We paddled through this brush-covered maze of sloughs and channels for nearly two weeks, fighting a headwind, mosquitoes, and our own waning sanity. In a giant arctic wetland in mid-July, we quickly learned that mosquitoes rule. We slept, ate, and relieved ourselves at their mercy.
It’s 3 am on July 10th and we have just landed our packrafts on the shore of the Arctic Ocean. In this land of 24-hour light, our internal body clocks seem to be following the rhythm of another planet. With no obvious variation in the angle of the sun, just a steady circling of the horizon, each day stretches longer than the last. We lose ourselves in the steady motion of footfall on sand or are hypnotized by the shape-shifting horizon. We feel pushed to keep moving, long past our conventional dinnertime and bedtime, dancing to the whims of the north.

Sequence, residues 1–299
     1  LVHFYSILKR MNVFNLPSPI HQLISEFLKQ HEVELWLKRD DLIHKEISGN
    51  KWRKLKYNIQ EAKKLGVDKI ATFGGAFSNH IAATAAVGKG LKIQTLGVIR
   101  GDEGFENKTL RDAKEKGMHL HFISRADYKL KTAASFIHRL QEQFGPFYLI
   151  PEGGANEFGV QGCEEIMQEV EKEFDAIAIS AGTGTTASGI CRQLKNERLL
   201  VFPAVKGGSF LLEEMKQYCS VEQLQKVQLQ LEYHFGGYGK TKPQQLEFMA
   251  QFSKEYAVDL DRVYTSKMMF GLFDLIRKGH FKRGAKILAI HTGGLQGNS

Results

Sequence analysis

We started our day sixteen hours ago, though it feels like an entire week has passed. Today marked the end of a hellish slog through the Mackenzie Delta. We paddled through this brush-covered maze of sloughs and channels for nearly two weeks, fighting a headwind, mosquitoes, and our own waning sanity. In a giant arctic wetland in mid-July, we quickly learned that mosquitoes rule. We slept, ate, and relieved ourselves at their mercy. They clouded our vision, peppered our food, and laid in wait at the bottom of our sleeping bags until we fell asleep. They found their way down our shirts and up our pants, bit through our shoes, and drowned out the sounds of birds and running water with their steady whine. To savor the moments of relief in the tent, we didn’t bother cooking our breakfast and ate cold, partially rehydrated oatmeal and choked down floating granules of instant coffee. Along the way, beaten down by the misery, we abandoned any pretense of willpower. We were driven by desperation, pure and simple.